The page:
This often referred to Development Perspective is over half a decade old and much has changed on St. Maarten since its compilation. In addition, the "Development perspective St. Maarten Philipsburg Greater Great Bay Area" is just a perspective, vision or a view point and has no legal standing.

Saturday’s Article in the Daily Herald contains the following sentence;

"The Almere Plan, … … was developed through analysis and sessions with stakeholders, including environmental organizations". This sentence seems to insinuate that environmental organisations approved of or recommended road network expansion projects during the information session held with TKA and the Almere group in 2003, this insinuation is entirely misleading and inaccurate at best. The development perspective itself contradicts the implication; The following stakeholders have been consulted about the development vision described in this report … … … … . Their wishes have been noted by TKA, and as far as possible taken into account during the formulation of this Development Vision. Development perspective St. Maarten Philipsburg Greater Great Bay Area" (TKA, Architecture & Urban Design, 2003)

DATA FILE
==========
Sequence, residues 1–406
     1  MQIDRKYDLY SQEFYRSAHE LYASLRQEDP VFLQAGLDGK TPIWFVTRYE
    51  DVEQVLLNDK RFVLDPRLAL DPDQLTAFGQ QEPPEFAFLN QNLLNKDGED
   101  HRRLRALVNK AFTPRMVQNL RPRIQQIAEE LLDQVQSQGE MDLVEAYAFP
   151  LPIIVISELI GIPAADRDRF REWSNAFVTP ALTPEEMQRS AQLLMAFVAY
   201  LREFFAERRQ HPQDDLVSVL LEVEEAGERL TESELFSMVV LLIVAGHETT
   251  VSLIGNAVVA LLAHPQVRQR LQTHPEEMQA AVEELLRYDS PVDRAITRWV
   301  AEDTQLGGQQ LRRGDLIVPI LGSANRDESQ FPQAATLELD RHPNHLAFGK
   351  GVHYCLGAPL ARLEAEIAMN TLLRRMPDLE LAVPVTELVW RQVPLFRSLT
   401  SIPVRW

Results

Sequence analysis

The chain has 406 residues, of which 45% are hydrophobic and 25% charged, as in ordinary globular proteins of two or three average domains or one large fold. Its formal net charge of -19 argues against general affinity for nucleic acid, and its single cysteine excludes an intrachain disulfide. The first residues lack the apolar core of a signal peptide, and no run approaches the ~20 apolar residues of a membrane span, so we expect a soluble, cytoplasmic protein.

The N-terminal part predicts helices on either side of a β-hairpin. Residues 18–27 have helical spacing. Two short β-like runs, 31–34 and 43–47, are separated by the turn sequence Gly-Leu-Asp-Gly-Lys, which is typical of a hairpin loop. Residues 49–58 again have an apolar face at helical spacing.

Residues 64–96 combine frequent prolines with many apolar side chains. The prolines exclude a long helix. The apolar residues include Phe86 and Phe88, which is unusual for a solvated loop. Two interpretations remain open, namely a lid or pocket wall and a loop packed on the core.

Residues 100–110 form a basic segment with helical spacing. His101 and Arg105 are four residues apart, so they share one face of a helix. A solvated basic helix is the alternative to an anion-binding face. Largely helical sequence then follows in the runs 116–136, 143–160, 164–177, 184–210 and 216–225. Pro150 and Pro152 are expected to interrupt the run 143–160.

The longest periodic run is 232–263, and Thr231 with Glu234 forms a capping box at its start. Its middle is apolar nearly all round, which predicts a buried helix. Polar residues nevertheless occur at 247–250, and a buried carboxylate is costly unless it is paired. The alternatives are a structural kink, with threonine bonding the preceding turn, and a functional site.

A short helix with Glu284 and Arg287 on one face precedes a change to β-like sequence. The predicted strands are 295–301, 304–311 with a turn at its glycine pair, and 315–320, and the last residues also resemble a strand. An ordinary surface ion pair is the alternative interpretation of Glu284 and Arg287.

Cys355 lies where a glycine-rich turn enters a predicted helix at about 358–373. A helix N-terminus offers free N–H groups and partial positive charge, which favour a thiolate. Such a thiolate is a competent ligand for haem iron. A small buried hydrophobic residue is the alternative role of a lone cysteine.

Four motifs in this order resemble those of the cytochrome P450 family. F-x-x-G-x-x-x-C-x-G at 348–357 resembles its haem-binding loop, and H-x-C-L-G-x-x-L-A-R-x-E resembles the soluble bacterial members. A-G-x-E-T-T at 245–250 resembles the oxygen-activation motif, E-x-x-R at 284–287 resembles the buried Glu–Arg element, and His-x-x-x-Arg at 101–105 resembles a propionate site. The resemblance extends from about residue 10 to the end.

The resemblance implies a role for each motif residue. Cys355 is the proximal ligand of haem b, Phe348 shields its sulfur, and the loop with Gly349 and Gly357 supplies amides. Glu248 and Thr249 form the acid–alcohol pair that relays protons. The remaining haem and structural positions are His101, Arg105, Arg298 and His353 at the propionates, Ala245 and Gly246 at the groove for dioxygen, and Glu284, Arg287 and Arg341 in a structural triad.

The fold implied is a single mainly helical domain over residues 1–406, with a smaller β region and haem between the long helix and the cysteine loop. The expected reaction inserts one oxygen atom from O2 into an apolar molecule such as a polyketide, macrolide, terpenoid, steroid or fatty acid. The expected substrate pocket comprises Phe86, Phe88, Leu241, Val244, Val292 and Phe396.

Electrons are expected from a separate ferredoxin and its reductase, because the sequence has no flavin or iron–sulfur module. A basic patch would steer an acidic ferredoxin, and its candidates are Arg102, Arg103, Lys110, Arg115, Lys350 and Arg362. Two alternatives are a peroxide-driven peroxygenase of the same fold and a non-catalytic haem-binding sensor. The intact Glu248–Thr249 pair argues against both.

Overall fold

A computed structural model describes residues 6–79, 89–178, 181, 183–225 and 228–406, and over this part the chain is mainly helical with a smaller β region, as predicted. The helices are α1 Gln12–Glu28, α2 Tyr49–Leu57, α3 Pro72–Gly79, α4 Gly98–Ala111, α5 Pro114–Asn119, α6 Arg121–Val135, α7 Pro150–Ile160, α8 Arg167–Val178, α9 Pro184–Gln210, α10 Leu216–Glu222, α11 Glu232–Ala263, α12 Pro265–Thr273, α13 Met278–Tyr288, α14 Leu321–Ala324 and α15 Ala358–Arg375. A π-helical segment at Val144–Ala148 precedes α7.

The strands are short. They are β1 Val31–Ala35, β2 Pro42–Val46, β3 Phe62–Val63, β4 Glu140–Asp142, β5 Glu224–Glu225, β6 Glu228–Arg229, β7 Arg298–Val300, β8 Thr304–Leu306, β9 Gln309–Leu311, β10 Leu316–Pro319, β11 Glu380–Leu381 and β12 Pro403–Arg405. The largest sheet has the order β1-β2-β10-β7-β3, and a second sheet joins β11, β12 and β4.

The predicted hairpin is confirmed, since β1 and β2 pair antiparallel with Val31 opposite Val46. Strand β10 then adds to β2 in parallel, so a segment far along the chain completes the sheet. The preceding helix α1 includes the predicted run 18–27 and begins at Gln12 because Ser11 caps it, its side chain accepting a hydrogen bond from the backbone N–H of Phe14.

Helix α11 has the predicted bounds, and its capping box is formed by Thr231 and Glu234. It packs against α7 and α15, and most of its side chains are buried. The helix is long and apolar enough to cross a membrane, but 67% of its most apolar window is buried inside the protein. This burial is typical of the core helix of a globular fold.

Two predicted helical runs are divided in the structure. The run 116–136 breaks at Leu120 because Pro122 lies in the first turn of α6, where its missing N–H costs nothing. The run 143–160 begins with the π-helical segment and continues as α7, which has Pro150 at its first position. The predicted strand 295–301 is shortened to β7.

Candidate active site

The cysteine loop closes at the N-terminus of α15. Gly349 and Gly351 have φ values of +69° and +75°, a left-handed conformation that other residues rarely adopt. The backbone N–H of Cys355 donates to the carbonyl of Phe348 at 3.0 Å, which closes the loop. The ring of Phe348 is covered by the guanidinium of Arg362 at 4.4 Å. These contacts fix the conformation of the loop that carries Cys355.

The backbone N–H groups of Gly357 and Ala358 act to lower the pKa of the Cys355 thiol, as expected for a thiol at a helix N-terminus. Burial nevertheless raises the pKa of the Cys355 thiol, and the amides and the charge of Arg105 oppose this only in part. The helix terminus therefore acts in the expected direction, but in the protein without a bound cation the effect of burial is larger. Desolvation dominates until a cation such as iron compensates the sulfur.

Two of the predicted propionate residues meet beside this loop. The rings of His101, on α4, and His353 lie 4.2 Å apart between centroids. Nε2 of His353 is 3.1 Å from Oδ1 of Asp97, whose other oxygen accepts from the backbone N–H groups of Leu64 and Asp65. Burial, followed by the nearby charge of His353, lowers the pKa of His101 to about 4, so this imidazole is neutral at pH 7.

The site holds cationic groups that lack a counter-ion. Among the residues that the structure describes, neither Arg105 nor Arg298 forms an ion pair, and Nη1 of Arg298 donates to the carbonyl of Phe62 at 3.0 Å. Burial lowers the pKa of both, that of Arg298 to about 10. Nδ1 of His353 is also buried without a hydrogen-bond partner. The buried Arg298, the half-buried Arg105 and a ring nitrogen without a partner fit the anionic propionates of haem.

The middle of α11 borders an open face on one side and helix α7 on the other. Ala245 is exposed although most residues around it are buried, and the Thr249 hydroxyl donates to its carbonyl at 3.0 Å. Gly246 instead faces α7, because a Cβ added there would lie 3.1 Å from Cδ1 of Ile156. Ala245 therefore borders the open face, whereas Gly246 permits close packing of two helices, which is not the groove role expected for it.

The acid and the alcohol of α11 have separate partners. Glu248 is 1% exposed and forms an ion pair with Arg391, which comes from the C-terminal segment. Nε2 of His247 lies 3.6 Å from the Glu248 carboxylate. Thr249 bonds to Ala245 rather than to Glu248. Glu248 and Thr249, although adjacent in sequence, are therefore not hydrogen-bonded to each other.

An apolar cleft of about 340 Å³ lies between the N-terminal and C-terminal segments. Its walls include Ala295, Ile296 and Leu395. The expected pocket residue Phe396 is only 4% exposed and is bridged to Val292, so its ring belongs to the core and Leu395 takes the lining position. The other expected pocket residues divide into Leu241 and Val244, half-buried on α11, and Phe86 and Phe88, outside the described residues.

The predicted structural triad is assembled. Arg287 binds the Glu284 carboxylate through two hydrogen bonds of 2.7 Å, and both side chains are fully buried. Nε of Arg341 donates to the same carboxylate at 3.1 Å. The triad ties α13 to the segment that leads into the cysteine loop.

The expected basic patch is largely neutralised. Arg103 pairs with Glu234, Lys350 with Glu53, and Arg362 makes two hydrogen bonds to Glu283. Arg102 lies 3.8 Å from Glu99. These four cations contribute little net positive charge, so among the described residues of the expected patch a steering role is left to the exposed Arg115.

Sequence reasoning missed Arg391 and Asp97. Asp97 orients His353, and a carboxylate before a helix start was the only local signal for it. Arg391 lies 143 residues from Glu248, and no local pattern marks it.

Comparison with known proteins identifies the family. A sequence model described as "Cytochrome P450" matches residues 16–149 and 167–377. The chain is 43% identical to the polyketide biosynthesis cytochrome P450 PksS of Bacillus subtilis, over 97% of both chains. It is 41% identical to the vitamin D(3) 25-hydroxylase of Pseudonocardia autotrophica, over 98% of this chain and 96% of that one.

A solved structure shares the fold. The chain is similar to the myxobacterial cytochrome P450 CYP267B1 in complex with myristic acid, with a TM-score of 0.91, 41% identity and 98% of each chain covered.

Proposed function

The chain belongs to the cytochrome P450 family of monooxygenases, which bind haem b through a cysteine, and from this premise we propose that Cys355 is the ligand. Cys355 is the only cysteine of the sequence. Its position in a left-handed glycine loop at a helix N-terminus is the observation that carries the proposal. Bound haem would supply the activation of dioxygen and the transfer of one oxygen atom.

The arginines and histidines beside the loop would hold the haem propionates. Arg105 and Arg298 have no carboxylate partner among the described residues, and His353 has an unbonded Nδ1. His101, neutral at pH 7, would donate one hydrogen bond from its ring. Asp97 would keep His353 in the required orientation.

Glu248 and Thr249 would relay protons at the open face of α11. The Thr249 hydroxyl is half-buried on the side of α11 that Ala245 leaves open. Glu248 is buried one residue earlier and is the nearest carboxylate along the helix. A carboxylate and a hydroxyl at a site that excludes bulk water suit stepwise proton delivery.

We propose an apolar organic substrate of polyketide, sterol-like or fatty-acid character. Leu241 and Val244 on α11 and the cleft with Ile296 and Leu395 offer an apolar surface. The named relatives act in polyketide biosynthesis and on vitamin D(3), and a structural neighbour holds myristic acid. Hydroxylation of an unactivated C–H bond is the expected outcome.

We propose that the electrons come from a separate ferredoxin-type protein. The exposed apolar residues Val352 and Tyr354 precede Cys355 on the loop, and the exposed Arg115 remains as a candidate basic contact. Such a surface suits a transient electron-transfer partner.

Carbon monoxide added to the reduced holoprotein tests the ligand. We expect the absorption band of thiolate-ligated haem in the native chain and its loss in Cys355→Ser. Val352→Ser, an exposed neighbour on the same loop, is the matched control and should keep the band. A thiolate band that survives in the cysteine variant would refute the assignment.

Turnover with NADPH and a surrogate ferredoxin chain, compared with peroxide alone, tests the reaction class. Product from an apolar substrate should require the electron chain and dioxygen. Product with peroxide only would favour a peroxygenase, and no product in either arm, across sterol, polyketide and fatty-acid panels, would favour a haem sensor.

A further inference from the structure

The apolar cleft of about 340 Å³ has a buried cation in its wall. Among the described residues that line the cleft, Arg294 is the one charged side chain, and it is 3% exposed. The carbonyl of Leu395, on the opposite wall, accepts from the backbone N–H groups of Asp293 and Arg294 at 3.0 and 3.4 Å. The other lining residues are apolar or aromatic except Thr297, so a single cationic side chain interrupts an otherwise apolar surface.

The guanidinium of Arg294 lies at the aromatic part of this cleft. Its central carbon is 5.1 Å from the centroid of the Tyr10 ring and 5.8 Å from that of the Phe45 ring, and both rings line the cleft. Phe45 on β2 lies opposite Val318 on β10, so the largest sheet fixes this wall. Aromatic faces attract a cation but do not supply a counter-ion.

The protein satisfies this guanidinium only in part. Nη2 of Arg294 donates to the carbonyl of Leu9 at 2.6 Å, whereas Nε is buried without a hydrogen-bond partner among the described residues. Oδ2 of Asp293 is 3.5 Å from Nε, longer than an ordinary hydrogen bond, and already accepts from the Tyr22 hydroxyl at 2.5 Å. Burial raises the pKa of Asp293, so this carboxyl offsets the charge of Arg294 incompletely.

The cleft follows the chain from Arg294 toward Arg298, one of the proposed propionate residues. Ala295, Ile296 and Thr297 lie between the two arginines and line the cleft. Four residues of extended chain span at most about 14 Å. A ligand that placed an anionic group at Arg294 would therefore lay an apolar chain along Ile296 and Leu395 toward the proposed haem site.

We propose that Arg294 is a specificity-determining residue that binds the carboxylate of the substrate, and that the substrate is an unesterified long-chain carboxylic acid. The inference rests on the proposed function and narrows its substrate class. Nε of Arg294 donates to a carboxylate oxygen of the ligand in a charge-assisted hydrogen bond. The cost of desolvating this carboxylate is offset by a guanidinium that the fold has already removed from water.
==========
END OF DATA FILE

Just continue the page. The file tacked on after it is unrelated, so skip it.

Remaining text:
It is obvious to St. Maarten Pride Foundation that the full range of social, economic, traffic and environmental impacts of a causeway over the Lagoon have not been be studied or taken into consideration and weighed against the negligible and short-lived infrastructural benefits (temporary and very minor traffic alleviation) the causeway will provide. Once again the Foundation is left to wonder, why the aforementioned has not been done.

It must be reiterated that St. Maarten Pride is in full favor of the development and implementation of sustainable solutions to St. Maarten’s and in this particular case Simpson Bay’s traffic congestion challenges. The Foundation is however convinced that a causeway across the Lagoon is not a solution and that the actual purpose of the project is not about alleviating traffic at all.

St. Maarten Pride Foundation